A First-Hand Guide to Dating in Lockdown

Am I the only person that is bothering with dating while in lockdown? From the radio silence on social media and the responses I’ve been getting from my friends (‘What is the point?’ or ‘That’s weird’) it would seem most people aren’t too keen on the idea. Why bother when we can’t meet up with anyone? Why don’t we just wait until the end of lockdown?

Well, I’ll admit that my initial assessment of the Covid-19 pandemic was highly optimistic. A month maximum working from home, and then everything would be back to normal, right? Had I known the long period of isolating that was to follow, I perhaps wouldn’t have chosen to proceed. But I’d just started talking to someone I liked (and for once had met in person rather than on an app!) and neither of us wanted to stop chatting. So we’ve continued to date, and as unusual as the situation is, I’ve found there are actually some upsides to a lockdown romance. That’s why I’m here to make the case for dating in quarantine, and share what I’ve learned along the way.

In the months since the end of my last relationship, I’d gotten back onto the dating app hamster wheel, more as a way to distract myself and have some fun date nights than searching for The One. But this inevitably led to a revolving door scenario of potential candidates, with no incentive to properly get to know anybody, a high level of competition, and no meaningful connections. Besides, I had a new job and a revived social life; I convinced myself I didn’t have time for a relationship. Unfortunately, this is often the case as our time-pressured lifestyles create pressure around the idea of ‘wasting time’ on people who don’t meet our extensive successful criteria. We mindlessly sort through potential partners like a supermarket processing line that discards a perfectly nutritious carrot if it doesn’t meet vegetable beauty standards. 

But the pandemic has given us time. Many people are furloughed from work or at least have less places to be, with no commute and fewer social engagements. We have time to get to know somebody, instead of trying to fit in a dating rat race around all our other commitments. We can look below the surface and find out more about a potential partner, rather than ruling them out at the first sign of unsuitability (such as ‘their parents are too old’ which was actually used by my friend as a reason for not going on a second date with someone!). 

So with more time, it means some of the pressure of modern dating is relieved. Social distancing has put a stop on face-to-face dates (until the recent change in legislation allowing you to meet one other person from outside your household) which isn’t necessarily a bad thing. In the world of dating apps, there is always a rush to meet up in person as soon as possible. It’s seen as taboo, or indeed risky, to waste a lot of time texting only to meet in person and realise you don’t click with each other. But the worst dates I’ve been on were with people I didn’t talk to much before meeting up.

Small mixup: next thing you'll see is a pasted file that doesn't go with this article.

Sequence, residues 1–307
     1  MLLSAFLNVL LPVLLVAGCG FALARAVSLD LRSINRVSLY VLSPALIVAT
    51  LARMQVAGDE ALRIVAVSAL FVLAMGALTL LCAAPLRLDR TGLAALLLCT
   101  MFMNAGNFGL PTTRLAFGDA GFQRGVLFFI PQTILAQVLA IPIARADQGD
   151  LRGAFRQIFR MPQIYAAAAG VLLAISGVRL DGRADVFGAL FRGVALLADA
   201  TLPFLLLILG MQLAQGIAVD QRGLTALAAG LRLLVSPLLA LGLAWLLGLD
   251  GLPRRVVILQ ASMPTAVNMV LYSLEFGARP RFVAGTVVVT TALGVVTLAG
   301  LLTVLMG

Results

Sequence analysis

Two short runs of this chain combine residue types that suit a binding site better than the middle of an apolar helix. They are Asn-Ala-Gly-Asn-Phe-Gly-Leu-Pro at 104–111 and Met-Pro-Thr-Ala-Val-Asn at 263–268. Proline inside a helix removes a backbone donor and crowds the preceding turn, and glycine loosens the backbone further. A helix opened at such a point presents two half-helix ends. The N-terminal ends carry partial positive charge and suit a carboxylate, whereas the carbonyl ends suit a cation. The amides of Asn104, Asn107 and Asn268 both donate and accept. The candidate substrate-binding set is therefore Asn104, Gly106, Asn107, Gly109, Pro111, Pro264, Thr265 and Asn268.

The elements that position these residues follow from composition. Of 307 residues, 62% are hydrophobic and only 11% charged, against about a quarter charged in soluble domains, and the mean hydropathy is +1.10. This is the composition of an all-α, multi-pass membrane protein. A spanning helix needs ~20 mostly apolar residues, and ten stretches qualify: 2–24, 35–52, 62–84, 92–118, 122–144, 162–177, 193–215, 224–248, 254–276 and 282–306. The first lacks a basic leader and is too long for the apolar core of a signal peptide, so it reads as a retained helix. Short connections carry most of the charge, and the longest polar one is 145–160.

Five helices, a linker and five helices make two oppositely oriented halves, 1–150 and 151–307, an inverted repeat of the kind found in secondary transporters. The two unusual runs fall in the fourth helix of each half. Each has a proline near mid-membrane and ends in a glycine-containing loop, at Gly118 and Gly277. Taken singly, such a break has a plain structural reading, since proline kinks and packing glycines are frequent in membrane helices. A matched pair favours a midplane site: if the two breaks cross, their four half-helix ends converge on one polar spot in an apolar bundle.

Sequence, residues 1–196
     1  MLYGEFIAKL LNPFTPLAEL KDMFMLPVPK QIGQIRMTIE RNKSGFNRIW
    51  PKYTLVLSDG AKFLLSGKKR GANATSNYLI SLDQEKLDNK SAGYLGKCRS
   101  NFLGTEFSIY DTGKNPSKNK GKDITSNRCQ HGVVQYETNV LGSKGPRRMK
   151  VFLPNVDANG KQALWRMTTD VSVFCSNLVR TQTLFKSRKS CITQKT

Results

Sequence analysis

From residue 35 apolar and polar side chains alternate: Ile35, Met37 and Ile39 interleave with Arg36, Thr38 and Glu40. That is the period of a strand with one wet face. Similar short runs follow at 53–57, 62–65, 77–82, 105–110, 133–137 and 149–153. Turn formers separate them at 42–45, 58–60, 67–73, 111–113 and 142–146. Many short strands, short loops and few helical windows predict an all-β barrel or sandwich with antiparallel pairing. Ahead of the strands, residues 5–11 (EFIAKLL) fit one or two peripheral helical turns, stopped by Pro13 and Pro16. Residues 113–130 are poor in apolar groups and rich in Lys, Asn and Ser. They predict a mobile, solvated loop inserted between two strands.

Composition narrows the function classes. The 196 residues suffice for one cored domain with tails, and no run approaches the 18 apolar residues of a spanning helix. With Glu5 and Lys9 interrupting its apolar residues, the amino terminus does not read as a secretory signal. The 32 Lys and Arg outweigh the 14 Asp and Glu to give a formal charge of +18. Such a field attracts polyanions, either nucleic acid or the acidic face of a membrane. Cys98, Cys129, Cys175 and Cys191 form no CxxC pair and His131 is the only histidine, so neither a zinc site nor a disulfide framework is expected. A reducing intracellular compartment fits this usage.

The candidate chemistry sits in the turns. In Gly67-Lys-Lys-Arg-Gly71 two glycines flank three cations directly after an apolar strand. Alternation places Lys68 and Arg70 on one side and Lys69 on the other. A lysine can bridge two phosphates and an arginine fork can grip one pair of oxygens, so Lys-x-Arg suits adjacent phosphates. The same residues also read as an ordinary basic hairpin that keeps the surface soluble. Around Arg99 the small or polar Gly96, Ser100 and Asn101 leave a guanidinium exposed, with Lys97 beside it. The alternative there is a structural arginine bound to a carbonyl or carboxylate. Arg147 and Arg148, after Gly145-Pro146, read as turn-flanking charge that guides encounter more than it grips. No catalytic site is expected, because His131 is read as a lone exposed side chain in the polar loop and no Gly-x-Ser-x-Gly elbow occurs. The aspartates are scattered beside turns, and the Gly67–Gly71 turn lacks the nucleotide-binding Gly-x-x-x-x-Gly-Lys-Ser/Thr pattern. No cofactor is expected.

Personally, I think taking things slow is the way forward. For those interested in a meaningful romantic relationship, it stops you from being lured into a Tinder hook-up situation. As the kids would say: it weeds out the fuckbois. You get more time to find out about someone, what they’re looking for, and their expectations. And, as I keep telling myself, surely there is no better test of compatibility than if you can maintain conversation over a months-long pandemic?

The other (slightly sad) benefit is that being a member of the digital generation, I’m just naturally braver from behind a screen. My inner introvert has been able to delve deeper and ask bigger questions than I usually would on an in-person date. I’ve found out more meaningful information about my date, like what their dreams and goals are, rather than just what they do for a job and where they’ve been on holiday. For anyone that is shy or takes a while to feel comfortable around someone, lockdown dating is a dream come true. 

So how does dating in quarantine work exactly? Well, sadly there is no roadmap, no Carrie Bradshaw guide for this one. So we’re working it out as we go along. Despite the unexpected pros, there are definitely cons. And it requires both patience and creativity. I have no way of knowing whether this will end up in a relationship or go down as a weird lockdown fling, but that’s the same as any dating endeavour. All I know is that the pandemic has revealed that life is short, and we cannot put our lives on hold. So if you’re feeling brave and decide to give dating in lockdown a go, here are some things I’ve learned along the way: